M.Sc Thesis

M.Sc StudentVolkinshtein Dmitry
SubjectOn the Existence and Feasibility of a Forward Model in
Motor Control
DepartmentDepartment of Electrical and Computer Engineering
Supervisor PROF. Ron Meir
Full Thesis textFull thesis text - English Version


Biological motor control provides highly effective solutions to difficult control problems in spite of the complexity of the plant and the significant delays in sensory feedback. Such delays are expected to lead to non trivial stability issues and lack of robustness of control solutions. However, such difficulties are not observed in biological systems under normal operating conditions. Based on early suggestions in the control literature, a possible solution to this conundrum has been the suggestion that the motor system contains within itself a forward model of the plant (e.g., the arm), which allows the system to `simulate' and predict the effect of applying a control signal. It is believed in the neuroscience community that the cerebellum is used as a forward model. In the first part of this work we formally define the notion of a forward model for control problems, and provide simple conditions that imply its existence for tasks involving delayed feedback control in deterministic and stochastic cases. As opposed to previous work which dealt mostly with linear plants and quadratic cost functions, our results apply to rather generic control systems, showing that any controller (biological or otherwise) which solves a set of tasks, must contain within itself a forward plant model. We suggest that our results provide strong theoretical support for the necessity of forward models in many delayed control problems, implying that they are not only useful, but rather, mandatory, under general conditions.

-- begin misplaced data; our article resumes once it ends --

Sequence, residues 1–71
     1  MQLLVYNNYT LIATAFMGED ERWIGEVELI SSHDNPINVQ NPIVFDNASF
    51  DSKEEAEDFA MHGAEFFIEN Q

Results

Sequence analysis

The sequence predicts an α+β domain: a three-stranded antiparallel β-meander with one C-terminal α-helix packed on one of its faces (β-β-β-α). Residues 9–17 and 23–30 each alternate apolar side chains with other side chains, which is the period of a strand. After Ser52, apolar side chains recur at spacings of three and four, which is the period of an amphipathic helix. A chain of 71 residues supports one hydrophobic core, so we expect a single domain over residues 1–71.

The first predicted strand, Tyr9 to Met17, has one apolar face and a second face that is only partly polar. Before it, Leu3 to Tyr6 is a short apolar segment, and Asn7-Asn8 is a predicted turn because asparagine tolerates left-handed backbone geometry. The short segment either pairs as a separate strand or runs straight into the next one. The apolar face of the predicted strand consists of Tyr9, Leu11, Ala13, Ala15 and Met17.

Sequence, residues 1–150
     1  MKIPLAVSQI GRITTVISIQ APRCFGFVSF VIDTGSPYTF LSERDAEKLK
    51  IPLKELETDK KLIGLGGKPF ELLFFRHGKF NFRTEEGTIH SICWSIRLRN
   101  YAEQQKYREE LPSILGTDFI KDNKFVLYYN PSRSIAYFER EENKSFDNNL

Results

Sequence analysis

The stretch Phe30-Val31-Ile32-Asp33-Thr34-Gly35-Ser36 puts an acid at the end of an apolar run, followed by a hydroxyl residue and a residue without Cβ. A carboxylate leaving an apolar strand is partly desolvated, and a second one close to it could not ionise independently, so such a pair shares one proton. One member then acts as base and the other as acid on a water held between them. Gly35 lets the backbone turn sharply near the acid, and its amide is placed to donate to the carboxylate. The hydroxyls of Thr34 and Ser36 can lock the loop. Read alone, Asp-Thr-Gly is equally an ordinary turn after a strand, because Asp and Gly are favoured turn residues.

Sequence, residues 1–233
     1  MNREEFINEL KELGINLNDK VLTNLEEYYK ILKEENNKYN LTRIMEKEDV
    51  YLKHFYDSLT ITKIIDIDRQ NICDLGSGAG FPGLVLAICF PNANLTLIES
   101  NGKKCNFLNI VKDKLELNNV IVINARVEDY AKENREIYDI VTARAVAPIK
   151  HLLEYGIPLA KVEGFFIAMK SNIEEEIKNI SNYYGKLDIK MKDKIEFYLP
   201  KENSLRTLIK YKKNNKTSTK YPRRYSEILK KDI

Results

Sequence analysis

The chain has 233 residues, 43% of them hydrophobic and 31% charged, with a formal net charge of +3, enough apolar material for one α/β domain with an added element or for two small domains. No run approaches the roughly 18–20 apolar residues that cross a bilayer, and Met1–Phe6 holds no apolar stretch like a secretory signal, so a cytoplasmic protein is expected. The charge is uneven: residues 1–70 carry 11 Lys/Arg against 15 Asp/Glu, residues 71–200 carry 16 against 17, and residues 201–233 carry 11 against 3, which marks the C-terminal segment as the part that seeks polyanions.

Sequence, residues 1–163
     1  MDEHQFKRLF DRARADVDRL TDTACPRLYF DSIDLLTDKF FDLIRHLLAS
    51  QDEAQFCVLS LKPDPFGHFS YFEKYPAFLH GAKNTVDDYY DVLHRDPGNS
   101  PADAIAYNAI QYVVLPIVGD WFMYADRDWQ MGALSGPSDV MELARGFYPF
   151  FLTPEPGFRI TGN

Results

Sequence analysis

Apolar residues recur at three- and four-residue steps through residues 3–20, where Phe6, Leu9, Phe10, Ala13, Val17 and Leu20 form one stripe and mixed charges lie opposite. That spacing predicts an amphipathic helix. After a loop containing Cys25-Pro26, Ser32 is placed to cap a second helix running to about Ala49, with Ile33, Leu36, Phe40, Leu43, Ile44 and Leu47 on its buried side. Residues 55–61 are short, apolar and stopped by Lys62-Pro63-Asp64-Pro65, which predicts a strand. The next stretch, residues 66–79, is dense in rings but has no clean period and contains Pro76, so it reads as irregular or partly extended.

The second part of the work is dealing with a specific model of the cerebellum that uses Radial Basis Function type of neural network. We investigate the performance of such network as a function approximation algorithm by finding the upper bounds of the prediction error, which are found to be low enough to conclude that such a model can perform well as a forward model.